Dark Matter May Be Made Up of Black Holes

Monday, 13 June 2016 - 5:32PM
Space
Black Holes
Monday, 13 June 2016 - 5:32PM
Dark Matter May Be Made Up of Black Holes
We all know about dark matter - the elusive, mysterious substance that composes most of the material universe, and is widely thought to be some sort of massive exotic particle. Now, some astronomers are beginning to think that dark matter is actually made up of ancient black holes formed during the first second of our universe's existence. 

Alexander Kashlinsky, an astronomer at the NASA Goddard Space Flight Center in Maryland, thinks that these primordial black holes could perfectly explain the observations of gravitational waves made by LIGO. "This stud is an effort to bring together a broad set of ideas and observations to test how well they fit, and the fit is surprisingly good," says Kashlinsky.

If Kashlinsky's theory hold true, then dark matter might be composed of these primordial black holes, and all galaxies are embedded within a vast sphere of black holes, each measuring over 30 times the sun's mass. 

In 2005, Kashlinsky and his colleagues used NASA's Spitzer Space Telescope to explore the background infrared glow in order to explore the early universe. Since light from cosmic objects takes a finite amount of time to travel through space, examining light helps astronomers see the way distant objects looked in the past. "Suppose you look at New York from afar. You cannot see individual lampposts or buildings, but you can see the light they produce," explains Kashlinsky. When researchers removed all the light from the known galaxies, they could still detect excess light - the background glow from the first sources to illuminate the universe billions of years ago.

In 2013, another study compared how this cosmic infrared background (CIB) compared to the cosmic X-ray background, CBX in the same area of the sky. The first stars emitted mainly optical and ultraviolet light, which means that there should have been relatively little overlap between the CIB and the CBX. Yet the irregular glow of low-energy X-rays in the CBX matched the CIB patches quite well. The only objects scientists know of that that can produce this kind of light in both infrared and X ray are black holes, but Kashlinsky says, "It never crossed my mind at that time that these could be primordial black holes."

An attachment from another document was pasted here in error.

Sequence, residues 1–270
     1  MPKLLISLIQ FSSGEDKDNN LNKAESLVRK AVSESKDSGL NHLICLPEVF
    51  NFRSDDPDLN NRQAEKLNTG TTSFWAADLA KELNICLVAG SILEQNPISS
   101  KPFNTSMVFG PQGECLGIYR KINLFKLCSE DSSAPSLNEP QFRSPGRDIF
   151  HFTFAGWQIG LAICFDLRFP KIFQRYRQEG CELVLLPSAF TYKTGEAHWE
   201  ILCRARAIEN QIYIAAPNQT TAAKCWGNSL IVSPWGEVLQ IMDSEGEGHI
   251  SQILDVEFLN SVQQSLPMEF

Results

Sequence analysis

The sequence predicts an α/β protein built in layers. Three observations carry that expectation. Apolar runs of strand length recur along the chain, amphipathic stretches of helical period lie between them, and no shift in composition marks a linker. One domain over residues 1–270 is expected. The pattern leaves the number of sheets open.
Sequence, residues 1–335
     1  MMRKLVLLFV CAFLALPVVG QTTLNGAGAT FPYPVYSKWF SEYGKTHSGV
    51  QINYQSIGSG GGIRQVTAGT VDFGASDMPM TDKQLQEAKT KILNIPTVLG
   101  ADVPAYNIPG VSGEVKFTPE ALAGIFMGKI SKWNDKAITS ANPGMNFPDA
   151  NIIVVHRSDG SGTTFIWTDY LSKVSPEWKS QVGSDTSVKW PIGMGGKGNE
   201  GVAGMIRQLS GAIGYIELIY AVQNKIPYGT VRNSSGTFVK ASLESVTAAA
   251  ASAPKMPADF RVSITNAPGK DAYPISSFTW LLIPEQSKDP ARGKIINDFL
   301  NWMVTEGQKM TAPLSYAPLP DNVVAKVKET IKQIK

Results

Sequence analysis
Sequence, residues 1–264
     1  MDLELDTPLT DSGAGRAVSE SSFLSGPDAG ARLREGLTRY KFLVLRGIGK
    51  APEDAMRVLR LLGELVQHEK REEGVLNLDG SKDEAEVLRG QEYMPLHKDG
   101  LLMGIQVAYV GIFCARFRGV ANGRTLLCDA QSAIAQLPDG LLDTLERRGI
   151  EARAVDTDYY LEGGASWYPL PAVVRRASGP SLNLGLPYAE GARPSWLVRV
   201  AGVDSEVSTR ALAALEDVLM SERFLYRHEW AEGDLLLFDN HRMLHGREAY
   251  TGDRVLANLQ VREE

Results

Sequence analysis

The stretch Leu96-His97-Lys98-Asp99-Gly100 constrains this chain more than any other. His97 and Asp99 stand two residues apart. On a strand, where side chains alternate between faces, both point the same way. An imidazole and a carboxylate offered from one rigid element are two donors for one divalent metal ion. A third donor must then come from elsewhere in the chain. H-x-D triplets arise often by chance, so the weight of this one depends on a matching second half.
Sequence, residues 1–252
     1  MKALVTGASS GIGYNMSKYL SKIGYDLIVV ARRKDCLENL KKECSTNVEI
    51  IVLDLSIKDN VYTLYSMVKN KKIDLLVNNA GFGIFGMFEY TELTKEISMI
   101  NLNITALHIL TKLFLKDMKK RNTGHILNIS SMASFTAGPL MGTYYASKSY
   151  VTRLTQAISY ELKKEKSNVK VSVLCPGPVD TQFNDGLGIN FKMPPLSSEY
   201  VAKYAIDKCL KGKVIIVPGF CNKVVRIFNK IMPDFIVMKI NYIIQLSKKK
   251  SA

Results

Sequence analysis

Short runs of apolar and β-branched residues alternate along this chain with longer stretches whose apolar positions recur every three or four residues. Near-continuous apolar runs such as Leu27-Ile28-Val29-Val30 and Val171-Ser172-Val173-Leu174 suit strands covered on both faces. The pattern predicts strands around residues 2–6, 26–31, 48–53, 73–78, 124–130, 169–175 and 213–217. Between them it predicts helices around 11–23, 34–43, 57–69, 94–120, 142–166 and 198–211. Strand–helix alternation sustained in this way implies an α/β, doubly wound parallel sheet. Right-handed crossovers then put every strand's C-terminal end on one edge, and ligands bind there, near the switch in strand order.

Then, in 2015, there was LIGO, the observatory that made the first ever direct detection of gravitational waves, and subsequently, the first direct detection of black holes. 

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"Depending on the mechanisms at work, primordial black holes could have properties very similar to what LIGO detected," says Kashlinsky.
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In his new paper, the NASA astronomer analyzes what might have happened if dark matter consisted of a population of black holes similar to those detected by LIGO.  For the first 500 million years of the universe's history, dark matter collapsed into clumps called halos, which provided the gravitational seeds that would later enable matter to accumulate and form the first stars and galaxies. But if that dark matter was comprised of primordial black holes, that process would have created many more halos, thus explaining the infrared glow.  

The gas that created those stars would also have fallen onto the primordial black holes, heating up to high enough temperatures that it would have sparked X-rays. While the cosmic infrared background can be explained, albeit to a lesser extent, without the black hole theory, the cosmic X-ray background cannot be. Kashlinsky's theory connects these two observations together, but more research on black holes is needed to confirm.
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Black Holes

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